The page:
Sonya Cotton – It Is So

January 01, 1970

(self-released)

 

www.sonyacotton.com

 

That gravity and finality of the album title should be
instructive – “it is so.” San Fran songbird Cotton (also a member of folk-duo
Tiny Home), whose previous solo album, 2009’s dreams-inspired Red River, was a slow-burn delight, lost
her mother a couple of years ago to cancer, and it’s the gravity and finality
of the passing that inspired It Is So. Cotton is blessed with a rich, resonant warble reminiscent at times of both
Joan Baez and Joni Mitchell; or perhaps the best way to describe it would be to
cast it somewhere in between those two iconic voices, not quite as high-pitched
and innocent-sounding as early Joni, nor as deep-throated and preternaturally
world-weary as Joan. Yet the concurrent scars of loss and experience and the
wide-eyed optimism of youth are both
present in her remarkable pipes, as she essays a series of folk-tilting numbers
that hearken, deliciously, to an earlier, less complicated era.

 

The record opens with a stately, vocal-only (save a lone,
tolling tom-drum’s thump) number, “Man In A Tree With A Gun,” which
incorporates a traditional gospel song, “Remember and Do Pray For Me” – it’s a
devastating intro, particularly if the listener is armed with the above-mentioned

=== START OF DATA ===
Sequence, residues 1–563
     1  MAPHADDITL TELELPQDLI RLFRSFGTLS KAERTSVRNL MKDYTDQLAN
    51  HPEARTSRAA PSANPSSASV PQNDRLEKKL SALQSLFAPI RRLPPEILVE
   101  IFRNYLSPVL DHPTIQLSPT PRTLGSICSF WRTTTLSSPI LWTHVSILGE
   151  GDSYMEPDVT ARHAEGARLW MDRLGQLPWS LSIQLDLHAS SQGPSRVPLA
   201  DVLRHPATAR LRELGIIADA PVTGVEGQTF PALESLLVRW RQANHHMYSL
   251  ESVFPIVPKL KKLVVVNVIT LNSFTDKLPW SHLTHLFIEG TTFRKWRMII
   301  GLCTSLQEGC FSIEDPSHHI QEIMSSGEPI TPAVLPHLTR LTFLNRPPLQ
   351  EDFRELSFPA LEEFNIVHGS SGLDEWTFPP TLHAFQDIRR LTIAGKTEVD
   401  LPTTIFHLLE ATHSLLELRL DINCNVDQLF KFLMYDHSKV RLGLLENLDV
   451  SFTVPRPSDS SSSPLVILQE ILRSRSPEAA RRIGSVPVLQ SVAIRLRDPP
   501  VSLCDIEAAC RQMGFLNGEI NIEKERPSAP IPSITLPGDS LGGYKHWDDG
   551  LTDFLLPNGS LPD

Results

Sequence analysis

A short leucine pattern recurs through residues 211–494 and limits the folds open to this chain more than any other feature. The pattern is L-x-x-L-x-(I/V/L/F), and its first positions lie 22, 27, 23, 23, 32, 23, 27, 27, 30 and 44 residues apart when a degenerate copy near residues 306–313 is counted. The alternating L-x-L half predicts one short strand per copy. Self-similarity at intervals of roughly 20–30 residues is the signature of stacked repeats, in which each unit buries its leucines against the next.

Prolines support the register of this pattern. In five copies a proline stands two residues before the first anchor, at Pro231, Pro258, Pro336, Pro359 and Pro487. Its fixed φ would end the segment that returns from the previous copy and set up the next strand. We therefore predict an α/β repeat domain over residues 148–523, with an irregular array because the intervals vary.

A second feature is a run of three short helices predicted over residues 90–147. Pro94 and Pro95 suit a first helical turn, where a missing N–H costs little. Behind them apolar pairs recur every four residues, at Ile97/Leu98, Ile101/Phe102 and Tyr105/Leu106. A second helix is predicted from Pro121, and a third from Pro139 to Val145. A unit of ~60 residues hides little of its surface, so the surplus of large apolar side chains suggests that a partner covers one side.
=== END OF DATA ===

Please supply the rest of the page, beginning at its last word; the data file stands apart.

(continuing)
knowledge. Yet Cotton, wisely, then shifts gears, cognizant of the fact that
celebration can and should be part of the mourning process: “One By One” is
alight with peals of pedal steel and violin, buoyant with harmony vocals, its
country-Celt vibe suggestive of vintage Sandy Denny-led Fairport Convention.
Other tracks are similarly invigorating in their own low-key ways – “Song For
Eric,” which is about another passing, of a close friend, is delicate yet
intense, like My Morning Jacket when they dial back the decibels; “Honeycomb”
swirls with a subtly psychedelic assurance, as if it has been plucked from some
long-lost trove of David Crosby tapes. Throughout, Cotton peers outward, often
joined by an angelic chorus of voices, and as the album’s closing notes hang in
the air momentarily before fading away, the prevailing feeling is, indeed, of
having been gently brushed by the flutterings of an angel’s wings.

 

Cotton is offering the record as a pay-what-you-want
donation-only project (all the songs can be previewed at her site), with half
of the proceeds going to The American Bird Conservancy, where her mother
used to work. Consider making your donation count.

 

DOWNLOAD: “One By One,” “Honeycomb,”
“Frozen Hands” FRED MILLS

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